The Lord is not being dilatory over his promise, as some think; he is only giving you more time, because his will is that all of you should attain repentance, not that some should be lost. But the day of the Lord is coming, and when it comes, it will be upon you like a thief. The heavens will vanish in a whirlwind, the elements will be scorched up and dissolve, earth, and all earth’s achievements, will burn away. All so transitory… (II Peter 3: 9-11 Knox).
Then he asks the question: “Since everything is to be dissolved in this way, what sort of persons ought you to be[?]” Then he answers his own question: “…conducting yourselves in holiness and devotion, waiting for and hastening the coming of the day of God … eager to be found without spot or blemish before him, at peace” (3: 11, 14 NABRE).
John's preaching was rejected because he didn't preach anything anyone wanted to hear: he didn't tell the suffering how God would solve all their little problems; he didn't tell the social agitators how God was going to fix the world. And, when he told them that what was really important was not how God could make all their troubles go away or remake society, but rather that they must repent of their sins and change their lives—not because they were going to be rewarded for it, but because God was coming—that's when they decided they had to do away with him. We can't fall into the same trap, regardless of whether we're obsessed with our own personal problems or trying to remake the life of our Lord into a social program. It isn't our personal problems nor society's problems that should concern us most of all; it's becoming what Saint Peter tells us to be: “…eager to be found without spot or blemish before him, at peace.”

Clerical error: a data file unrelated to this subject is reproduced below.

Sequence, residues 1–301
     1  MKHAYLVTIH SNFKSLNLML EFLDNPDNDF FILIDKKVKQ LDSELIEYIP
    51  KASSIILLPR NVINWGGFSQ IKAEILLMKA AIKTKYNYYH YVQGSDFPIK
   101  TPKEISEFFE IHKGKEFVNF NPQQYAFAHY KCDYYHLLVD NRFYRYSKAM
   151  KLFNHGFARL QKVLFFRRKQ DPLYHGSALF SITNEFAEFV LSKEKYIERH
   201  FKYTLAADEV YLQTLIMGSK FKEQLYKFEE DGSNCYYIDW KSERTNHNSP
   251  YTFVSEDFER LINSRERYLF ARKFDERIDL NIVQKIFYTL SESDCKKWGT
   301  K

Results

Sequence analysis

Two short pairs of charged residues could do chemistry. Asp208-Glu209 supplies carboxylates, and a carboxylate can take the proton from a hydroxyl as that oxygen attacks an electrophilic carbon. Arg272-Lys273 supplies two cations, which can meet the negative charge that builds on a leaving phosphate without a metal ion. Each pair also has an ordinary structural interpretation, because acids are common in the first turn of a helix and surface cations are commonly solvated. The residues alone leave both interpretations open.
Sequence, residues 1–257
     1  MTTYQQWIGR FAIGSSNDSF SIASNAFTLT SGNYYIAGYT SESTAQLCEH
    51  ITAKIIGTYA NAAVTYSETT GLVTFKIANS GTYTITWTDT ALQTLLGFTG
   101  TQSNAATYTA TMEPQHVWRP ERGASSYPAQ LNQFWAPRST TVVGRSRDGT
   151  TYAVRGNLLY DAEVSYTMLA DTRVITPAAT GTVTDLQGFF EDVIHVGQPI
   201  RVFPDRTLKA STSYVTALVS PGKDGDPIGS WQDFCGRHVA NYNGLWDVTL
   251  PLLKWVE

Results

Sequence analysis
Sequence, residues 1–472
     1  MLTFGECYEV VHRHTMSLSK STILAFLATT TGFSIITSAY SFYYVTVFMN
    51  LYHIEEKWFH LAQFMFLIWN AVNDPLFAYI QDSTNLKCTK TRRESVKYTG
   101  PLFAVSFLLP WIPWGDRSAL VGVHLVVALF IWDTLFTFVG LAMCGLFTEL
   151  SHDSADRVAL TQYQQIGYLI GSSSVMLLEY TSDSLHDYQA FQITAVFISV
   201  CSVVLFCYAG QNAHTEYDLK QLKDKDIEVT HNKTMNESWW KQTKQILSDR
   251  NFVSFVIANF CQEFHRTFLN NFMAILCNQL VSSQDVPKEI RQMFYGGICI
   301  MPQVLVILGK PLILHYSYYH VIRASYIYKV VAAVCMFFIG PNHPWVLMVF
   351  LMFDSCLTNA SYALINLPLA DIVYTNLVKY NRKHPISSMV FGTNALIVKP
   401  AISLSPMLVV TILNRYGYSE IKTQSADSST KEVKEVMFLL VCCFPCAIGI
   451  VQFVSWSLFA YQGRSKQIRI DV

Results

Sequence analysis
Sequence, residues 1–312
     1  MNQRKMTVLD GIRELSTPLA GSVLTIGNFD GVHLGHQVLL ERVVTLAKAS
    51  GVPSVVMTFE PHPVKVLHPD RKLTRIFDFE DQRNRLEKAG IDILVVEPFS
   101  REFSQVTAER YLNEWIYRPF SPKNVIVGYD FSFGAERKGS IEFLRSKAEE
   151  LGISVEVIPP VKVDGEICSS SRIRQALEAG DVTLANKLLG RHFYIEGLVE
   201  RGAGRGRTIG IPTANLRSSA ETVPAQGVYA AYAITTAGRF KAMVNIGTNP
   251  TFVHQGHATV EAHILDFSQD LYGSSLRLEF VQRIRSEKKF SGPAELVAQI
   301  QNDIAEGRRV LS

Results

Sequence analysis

“In the desert [of your heart] prepare the way of the Lord! Make straight in the wasteland [of your soul] a highway for our God!”
* Cf. the first paragraph of the first footnote attached to the post here for an explanation of Philip's Fast. Today is the third Sunday because the season began on a Tuesday.
Legends abound regarding the life and death of St. Barbara, who died during the reign of Emperor Maximianus, and none of these legends can be verified. All that is known for certain is that she was killed by her own father, Dioscorus, because of his hatred for the Christian religion.